The Commissioner committed an error of law when he determined, based on the Medicaid dental manual and without recognizing a potential conflict between the manual and the regulations, that osseous surgery cannot be a covered service under Medicaid. Due to this error, respondents did not reach other issues. Specifically, there was no determination as to whether petitioner established that her request for prior approval of that surgery should be granted pursuant to the regulation as a “dental service[] required for . . . the relief of pain” (18 NYCRR 506.2 [b] [1]). If she did not meet her burden, there is no conflict between the regulation and guidelines, so the Medicaid dental manual would prevent approval of the surgery. If petitioner did establish that the surgery is required to relieve her pain (which would, perforce, mean that the surgery was medically necessary), the regulations would prevail and the Commissioner must approve the surgery as covered by Medicaid. Because this issue requires factual findings and falls within DOH’s expertise, it should be decided by the agency in the first instance … . Matter of Rovinsky v Zucker, 2018 NY Slip Op 07026, Third Dept 10-18-18

MEDICAID (MATTER REMITTED TO THE COMMISSIONER OF HEALTH TO DETERMINE WHETHER BONE SURGERY TO REPAIR CANCER-RELATED DAMAGE TO PETITIONER’S JAW IS COVERED UNDER MEDICAID, IF THERE IS A CONFLICT BETWEEN THE DSS REGULATIONS AND THE DEPARTMENT OF HEALTH’S GUIDELINES, THE REGULATIONS CONTROL (THIRD DEPT))/ADMINISTRATIVE LAW (MEDICAID COVERAGE, MATTER REMITTED TO THE COMMISSIONER OF HEALTH TO DETERMINE WHETHER BONE SURGERY TO REPAIR CANCER-RELATED DAMAGE TO PETITIONER’S JAW IS COVERED UNDER MEDICAID, IF THERE IS A CONFLICT BETWEEN THE DSS REGULATIONS AND THE DEPARTMENT OF HEALTH’S GUIDELINES, THE REGULATIONS CONTROL (THIRD DEPT))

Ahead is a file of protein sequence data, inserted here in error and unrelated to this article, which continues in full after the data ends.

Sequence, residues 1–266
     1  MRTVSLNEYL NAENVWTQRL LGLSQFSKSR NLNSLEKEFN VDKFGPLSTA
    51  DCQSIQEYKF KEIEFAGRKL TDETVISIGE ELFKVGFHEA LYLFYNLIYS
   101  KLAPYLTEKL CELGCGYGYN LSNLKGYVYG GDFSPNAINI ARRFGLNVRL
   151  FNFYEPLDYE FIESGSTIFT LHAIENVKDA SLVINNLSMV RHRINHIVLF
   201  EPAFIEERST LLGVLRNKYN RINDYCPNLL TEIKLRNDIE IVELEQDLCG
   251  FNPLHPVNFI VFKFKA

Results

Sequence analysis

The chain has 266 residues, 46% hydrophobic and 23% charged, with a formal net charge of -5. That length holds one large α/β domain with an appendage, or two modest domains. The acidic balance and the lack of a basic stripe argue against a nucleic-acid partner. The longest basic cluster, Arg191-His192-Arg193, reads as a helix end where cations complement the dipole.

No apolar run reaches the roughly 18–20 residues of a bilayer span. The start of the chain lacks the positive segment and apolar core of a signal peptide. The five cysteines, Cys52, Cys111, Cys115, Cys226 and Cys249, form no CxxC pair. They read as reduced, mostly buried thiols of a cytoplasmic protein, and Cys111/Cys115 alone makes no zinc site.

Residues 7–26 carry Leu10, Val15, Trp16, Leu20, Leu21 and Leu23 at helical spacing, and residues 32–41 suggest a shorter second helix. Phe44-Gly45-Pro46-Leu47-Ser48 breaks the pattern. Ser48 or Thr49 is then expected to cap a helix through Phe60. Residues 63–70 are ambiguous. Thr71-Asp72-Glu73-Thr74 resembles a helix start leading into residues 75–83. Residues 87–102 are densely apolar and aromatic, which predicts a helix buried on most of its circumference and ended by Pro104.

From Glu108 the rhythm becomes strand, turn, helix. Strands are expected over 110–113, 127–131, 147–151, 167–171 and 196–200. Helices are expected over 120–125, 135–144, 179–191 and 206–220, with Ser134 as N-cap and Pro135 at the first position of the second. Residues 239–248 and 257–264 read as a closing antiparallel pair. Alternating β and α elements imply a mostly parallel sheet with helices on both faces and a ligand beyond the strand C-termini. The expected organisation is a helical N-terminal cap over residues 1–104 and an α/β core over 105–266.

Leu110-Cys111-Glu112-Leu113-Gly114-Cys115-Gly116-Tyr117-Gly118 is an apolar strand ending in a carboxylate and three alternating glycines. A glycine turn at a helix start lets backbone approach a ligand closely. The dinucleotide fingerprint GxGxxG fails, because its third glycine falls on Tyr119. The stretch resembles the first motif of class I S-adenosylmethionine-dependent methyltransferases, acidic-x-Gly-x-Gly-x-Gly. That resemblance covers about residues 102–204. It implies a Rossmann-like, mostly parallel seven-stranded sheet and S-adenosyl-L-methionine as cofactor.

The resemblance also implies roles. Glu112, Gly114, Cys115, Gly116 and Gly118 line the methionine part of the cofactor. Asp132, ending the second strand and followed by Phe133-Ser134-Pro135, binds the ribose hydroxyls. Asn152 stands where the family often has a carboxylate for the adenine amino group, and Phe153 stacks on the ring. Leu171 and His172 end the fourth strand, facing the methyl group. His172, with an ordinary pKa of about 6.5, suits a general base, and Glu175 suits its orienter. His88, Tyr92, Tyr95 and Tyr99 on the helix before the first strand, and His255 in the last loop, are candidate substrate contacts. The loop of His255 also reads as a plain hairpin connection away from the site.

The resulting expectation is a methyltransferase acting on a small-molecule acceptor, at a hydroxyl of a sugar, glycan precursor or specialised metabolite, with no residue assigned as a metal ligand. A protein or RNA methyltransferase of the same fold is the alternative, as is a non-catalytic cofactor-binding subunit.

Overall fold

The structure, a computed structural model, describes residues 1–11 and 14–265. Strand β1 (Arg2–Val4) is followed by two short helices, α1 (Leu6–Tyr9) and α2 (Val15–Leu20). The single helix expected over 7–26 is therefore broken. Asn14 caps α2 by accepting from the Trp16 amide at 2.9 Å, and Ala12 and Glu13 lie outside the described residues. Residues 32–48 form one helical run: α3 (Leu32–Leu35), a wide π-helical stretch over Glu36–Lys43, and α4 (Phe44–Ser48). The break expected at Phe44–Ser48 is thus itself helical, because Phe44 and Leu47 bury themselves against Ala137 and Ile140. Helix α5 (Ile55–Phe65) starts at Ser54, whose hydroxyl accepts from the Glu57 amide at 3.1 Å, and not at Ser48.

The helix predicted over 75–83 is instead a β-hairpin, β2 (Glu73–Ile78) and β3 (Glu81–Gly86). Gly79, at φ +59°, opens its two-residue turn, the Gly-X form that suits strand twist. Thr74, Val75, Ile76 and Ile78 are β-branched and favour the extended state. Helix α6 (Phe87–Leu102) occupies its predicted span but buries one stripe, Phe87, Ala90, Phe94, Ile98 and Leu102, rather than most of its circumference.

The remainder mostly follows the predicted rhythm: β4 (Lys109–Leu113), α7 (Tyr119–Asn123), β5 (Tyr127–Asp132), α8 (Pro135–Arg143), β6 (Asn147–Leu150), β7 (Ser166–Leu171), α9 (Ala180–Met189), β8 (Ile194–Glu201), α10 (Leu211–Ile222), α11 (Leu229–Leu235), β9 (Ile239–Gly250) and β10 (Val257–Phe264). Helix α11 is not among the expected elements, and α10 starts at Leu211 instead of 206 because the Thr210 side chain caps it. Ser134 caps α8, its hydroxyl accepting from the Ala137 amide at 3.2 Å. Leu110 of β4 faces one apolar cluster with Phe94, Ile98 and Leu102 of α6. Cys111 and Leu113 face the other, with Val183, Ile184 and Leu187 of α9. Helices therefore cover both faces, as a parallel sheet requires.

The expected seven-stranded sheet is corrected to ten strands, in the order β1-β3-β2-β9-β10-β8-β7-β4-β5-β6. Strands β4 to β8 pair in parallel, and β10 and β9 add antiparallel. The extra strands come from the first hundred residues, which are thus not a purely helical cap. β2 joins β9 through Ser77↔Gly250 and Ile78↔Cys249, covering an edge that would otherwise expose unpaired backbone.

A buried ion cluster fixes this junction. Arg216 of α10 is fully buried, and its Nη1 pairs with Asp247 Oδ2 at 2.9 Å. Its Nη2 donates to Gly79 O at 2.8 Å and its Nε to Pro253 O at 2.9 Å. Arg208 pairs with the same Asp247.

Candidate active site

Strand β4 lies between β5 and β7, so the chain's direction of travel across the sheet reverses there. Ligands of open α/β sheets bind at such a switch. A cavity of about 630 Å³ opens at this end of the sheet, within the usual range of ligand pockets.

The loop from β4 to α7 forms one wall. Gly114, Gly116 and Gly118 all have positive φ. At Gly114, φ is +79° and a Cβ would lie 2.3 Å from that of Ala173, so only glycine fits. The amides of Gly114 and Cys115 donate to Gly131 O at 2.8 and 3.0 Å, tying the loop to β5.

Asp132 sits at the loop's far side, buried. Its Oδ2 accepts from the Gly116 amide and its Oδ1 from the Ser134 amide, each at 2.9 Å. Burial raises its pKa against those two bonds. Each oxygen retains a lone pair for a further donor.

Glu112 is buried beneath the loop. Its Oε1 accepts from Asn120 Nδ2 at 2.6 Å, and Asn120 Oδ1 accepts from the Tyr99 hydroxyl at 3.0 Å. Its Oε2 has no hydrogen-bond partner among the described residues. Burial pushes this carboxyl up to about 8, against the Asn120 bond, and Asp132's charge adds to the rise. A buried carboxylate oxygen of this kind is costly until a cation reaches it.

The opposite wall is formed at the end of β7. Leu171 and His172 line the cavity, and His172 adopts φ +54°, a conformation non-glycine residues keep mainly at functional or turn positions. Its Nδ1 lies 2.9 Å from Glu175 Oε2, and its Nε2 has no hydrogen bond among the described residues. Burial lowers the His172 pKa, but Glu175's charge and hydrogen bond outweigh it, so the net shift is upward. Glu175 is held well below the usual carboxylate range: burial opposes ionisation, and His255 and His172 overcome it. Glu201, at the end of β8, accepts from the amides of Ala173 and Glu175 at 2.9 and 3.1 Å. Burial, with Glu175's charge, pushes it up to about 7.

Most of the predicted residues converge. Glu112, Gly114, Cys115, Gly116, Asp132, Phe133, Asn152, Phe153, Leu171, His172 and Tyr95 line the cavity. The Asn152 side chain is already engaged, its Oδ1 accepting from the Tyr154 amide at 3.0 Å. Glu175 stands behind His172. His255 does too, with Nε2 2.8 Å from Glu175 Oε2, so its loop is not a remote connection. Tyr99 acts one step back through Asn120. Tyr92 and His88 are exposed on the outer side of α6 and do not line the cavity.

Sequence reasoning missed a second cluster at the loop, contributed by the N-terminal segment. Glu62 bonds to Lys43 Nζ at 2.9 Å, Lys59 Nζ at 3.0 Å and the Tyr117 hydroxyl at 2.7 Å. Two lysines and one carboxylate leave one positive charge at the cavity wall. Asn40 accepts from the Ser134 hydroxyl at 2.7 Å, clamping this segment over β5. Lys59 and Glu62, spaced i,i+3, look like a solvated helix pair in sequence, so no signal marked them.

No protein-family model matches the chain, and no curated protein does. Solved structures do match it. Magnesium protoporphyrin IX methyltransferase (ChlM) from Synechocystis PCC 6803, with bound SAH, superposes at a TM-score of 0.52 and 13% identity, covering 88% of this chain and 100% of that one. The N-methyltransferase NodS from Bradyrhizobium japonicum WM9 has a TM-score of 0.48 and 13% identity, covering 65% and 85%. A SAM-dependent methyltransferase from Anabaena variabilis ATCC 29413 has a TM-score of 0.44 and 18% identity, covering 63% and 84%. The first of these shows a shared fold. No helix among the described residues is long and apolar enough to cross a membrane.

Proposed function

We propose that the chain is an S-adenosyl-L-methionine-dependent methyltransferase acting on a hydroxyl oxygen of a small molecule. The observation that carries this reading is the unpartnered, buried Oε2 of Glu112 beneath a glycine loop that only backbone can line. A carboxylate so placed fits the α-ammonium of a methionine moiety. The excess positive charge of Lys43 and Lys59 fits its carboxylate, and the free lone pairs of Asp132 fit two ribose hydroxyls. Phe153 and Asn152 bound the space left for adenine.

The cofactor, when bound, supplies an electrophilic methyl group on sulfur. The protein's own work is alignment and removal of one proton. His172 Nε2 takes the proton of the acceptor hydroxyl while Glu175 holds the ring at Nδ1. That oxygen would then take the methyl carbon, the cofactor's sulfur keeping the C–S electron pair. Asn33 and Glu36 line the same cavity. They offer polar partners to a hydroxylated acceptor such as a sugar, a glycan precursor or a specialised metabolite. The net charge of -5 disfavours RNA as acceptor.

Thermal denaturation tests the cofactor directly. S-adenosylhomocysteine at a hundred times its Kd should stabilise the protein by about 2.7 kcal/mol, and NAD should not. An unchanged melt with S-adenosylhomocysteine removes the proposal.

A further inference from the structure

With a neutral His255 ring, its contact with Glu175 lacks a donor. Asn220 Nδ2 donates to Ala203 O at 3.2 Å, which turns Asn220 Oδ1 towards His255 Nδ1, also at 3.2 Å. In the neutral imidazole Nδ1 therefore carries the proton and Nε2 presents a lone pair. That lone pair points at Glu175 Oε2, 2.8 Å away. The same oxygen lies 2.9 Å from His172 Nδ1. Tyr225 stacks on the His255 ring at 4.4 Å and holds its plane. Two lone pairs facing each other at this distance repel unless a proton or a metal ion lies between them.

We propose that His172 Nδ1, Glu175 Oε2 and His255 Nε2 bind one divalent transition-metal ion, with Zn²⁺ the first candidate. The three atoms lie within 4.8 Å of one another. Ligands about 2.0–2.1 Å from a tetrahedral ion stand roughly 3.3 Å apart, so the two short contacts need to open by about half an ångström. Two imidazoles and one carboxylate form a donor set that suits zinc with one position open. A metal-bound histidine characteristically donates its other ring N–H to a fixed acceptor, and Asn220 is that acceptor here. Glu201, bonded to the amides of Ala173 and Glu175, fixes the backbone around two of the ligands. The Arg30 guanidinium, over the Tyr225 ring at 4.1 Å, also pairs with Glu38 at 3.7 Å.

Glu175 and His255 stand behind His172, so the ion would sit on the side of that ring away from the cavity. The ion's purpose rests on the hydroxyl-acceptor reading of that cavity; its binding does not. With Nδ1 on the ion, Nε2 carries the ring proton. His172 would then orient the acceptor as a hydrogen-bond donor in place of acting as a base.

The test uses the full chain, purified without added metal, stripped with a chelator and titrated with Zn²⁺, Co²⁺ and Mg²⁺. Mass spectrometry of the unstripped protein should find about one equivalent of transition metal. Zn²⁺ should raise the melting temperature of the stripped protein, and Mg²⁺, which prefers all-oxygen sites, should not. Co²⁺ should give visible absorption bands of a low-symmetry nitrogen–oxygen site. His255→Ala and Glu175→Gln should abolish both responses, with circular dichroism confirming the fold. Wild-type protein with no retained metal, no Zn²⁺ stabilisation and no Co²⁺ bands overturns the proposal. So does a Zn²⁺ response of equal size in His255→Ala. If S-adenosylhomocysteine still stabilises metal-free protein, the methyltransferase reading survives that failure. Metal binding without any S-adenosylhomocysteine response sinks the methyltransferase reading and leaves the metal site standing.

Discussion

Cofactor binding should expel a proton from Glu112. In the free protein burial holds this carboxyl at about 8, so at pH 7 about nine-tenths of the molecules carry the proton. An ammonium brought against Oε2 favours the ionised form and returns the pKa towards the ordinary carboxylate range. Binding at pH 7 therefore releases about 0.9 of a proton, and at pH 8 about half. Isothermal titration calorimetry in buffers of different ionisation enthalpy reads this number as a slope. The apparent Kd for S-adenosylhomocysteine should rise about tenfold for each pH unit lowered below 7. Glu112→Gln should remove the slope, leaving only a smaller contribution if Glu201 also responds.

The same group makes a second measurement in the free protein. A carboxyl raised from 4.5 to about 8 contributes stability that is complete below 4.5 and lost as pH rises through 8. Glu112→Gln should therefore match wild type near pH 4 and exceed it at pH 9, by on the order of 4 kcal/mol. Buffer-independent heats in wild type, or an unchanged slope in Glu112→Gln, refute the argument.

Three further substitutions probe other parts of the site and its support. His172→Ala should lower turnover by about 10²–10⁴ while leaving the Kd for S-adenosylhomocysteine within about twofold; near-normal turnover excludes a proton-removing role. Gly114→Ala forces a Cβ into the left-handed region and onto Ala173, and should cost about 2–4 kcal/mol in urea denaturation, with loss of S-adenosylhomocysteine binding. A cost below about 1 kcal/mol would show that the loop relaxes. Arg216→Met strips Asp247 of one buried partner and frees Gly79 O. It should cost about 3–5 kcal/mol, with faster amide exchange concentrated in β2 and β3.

PETITION SEEKING MEDICAL ASSISTANCE SHOULD NOT HAVE BEEN DENIED BASED UPON THE INABILITY TO DETERMINE THE FINANCIAL RESOURCES AVAILABLE TO THE NURSING HOME RESIDENT’S ESTRANGED WIFE, COURT MAY NOT CONSIDER THEORY NOT RAISED BEFORE THE AGENCY (FOURTH DEPT).

The Fourth Department, annulling the determination of the Erie County Department of Social Services, held that petitioner’s application for medical assistance should not have been denied on the ground that the financial resources available to the nursing home resident’s estranged wife could not be determined. The court noted that it may not consider any theories argued on appeal that were not raised before the agency

[18 NYCRR] Section 360-2.3 (a) (2) provides that a medical assistance “applicant/recipient will not have eligibility denied or discontinued solely because he/she does not possess and cannot obtain information about the income or resources of a nonapplying legally responsible relative who is not living with him/her.” Although denial of an application may nonetheless be appropriate under section 360-2.3 (a) (3) if an applicant/recipient refuses to grant permission for the examination of non-public records, here the parties do not dispute that petitioner and the resident cooperated with all efforts to obtain information from the resident’s estranged wife.

We reject respondent’s contention that the determination should be confirmed because, in the absence of a showing that denial would subject the resident to undue hardship, denial of petitioner’s application was permissible pursuant to 18 NYCRR 360-4.10. Regardless of the merits of that contention, we note that ” [i]t is the settled rule that judicial review of an administrative determination is limited to the grounds invoked by the agency’ ” Matter of Waterfront Ctr. for Rehabilitation & Healthcare v New York State Dept. of Health, 2018 NY Slip Op 04881, Fourth Dept 6-29-18